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The cold world of alpine climbing.

The cold world of alpine climbing.

Thursday, December 27, 2012

Scarpa's Phantom Ultra lwt boot...again.

The Phantom Ultra, on uber classic, Canadian WI5, Carlsberg.
                 

Editor's note:
The Scarpa Phantom Ultra is by far my favorite lwt mtn boot.  It isn't perfect but climbs well, is warm enough and best of all, fits my feet exceptionally well.  I've commented on this boot many times in the past here at Cold Thistle.  And like Dave I am looking to climb in the new Rebels Ultras asap to make a side by side comparison.

Our British contributor in Chamonix, Dave Searle, offers his review.  Hope you enjoy!

Dave chipping away in his Ultras, high on the Colton/Brooks, N. Face of le Droites.
 
Scarpa Phantom Ultra Review
By Dave Searle 

I’ve had my pair of Scarpa Phantom Ultra’s for about a year and a half now and they are overdue a resole.  They defiantly got “finished off” on my latest trip out to the Kangchenjunga region of Nepal this past autumn where the endless moraine bashing on the Yalung glacier saw the rubber on the toe wearing back to the plastic which also started to get rounded off leaving me very little in the way of a toe welt to strap my poons to. Gutted.   Lesson learnt for sure (resole them sooner rather than later) but this is besides the point and only a small part of the story my Ultras have to tell.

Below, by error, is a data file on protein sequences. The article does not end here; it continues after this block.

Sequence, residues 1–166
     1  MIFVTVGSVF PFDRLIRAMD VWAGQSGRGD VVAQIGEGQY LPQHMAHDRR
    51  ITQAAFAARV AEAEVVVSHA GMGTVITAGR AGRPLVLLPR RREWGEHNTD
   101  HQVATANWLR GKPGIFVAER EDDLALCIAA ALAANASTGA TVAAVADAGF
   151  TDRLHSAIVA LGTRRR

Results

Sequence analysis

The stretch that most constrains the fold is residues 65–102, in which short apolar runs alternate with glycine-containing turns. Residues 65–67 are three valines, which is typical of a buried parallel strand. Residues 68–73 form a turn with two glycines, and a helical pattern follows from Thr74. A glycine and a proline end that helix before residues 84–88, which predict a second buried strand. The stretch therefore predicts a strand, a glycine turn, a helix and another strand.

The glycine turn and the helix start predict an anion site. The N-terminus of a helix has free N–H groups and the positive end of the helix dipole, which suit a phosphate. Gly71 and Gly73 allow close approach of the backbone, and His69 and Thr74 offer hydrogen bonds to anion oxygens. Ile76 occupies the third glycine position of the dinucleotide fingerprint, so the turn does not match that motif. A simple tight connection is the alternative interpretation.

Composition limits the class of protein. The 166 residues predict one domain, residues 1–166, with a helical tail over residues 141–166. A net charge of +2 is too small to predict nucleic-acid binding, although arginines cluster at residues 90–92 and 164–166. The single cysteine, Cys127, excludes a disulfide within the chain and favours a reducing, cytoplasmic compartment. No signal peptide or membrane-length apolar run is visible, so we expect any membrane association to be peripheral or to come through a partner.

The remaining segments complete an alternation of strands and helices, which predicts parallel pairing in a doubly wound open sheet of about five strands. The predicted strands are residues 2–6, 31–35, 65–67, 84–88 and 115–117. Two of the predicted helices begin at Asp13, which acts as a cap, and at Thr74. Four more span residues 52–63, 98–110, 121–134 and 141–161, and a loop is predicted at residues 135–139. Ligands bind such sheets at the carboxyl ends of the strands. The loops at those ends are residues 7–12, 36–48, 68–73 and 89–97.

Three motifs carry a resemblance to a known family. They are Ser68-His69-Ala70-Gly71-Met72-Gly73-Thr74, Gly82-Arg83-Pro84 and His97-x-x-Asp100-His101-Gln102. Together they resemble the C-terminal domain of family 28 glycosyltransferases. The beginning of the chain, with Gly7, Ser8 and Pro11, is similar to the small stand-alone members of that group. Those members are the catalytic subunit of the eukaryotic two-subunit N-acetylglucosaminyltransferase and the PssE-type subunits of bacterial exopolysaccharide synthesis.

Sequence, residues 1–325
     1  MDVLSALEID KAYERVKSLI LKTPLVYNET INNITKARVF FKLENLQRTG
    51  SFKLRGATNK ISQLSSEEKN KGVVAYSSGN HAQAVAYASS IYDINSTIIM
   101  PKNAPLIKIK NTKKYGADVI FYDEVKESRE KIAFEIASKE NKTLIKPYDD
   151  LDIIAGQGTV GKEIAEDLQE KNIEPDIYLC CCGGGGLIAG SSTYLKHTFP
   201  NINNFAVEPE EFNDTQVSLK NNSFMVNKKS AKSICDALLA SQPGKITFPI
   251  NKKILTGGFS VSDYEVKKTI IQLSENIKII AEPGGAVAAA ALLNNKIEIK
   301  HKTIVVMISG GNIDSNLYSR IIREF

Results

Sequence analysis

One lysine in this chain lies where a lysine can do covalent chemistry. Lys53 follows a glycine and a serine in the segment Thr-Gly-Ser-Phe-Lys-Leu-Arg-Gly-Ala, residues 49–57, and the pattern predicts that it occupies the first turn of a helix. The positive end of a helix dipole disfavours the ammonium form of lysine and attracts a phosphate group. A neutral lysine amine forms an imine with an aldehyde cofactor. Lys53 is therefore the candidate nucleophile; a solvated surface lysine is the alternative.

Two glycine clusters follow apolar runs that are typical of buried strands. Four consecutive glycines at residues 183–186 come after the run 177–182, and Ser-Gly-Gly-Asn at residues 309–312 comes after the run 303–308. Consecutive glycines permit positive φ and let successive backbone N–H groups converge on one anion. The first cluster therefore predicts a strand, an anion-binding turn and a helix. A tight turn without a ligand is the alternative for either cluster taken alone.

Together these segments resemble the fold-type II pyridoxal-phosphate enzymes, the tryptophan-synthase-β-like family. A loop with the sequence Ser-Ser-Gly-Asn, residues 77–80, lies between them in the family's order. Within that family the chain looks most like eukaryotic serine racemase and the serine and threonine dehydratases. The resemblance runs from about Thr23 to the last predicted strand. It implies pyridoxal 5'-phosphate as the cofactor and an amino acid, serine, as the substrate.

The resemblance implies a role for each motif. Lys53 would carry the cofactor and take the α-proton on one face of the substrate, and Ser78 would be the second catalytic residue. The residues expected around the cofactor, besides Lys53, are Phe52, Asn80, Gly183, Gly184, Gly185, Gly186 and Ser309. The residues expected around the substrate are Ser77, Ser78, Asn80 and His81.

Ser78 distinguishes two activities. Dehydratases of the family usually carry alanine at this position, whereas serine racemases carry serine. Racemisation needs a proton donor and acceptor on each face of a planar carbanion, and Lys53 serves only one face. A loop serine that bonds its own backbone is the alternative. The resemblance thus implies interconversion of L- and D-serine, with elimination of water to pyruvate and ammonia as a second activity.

Drytooling an M10 at the Zoo

These are without a doubt the most versatile mountain boots I have ever owned.  I was originally on the market for a new summer alpine boot to replace my Scarpa Charmoz.  I ummmed and arrrrred over the baffling array of different boots on the market before settling on the Ultras.  Why did I choose them over a Charmoz or Trango for my summer boot I hear you say.  Quite simply it all came down to weight.  I stuck my size (42) on the scales and they only came up 200g per pair heavier than a non gaitered, B2 summer boot.  Now why would I buy a boot which I couldn’t take mixed or ice climbing or even dry tooling just because they were 200g lighter.  It’s a no brainer really.  I haven’t regretted my decision once and they have served me very well over the past 18 or so months.  Only 18 months I hear you say.  Yeah probably not ideal but hear me out.  For a start they aren’t finished yet and I’m pretty sure with a descent resole job they would last me another hard year.  I’m also not the friendliest person to my boots and believe me when I tell you these have seem some action.  I’ve used them on countless drytooling sessions, toe hooking and wandering around at the base of my local crag on sharp dusty rocks.  I’ve used them of the 1000m north face of the Droites in autumn where I was impressed with their warmth (just about warm enough for this I might add, which isn’t too bad considering I would ordinarily be using a pair of 6000s at this time of year) and their support for climbing long ice fields.  I’ve used them on the Chamonix Uber classic the Frendo spur where they climbed rock extremely well and were light enough for a speedy ascent.  I’ve used them for countless short ice and mixed routes in the massif and in Scotland where they performed exceptionally well due to their nimbleness, dexterity and support.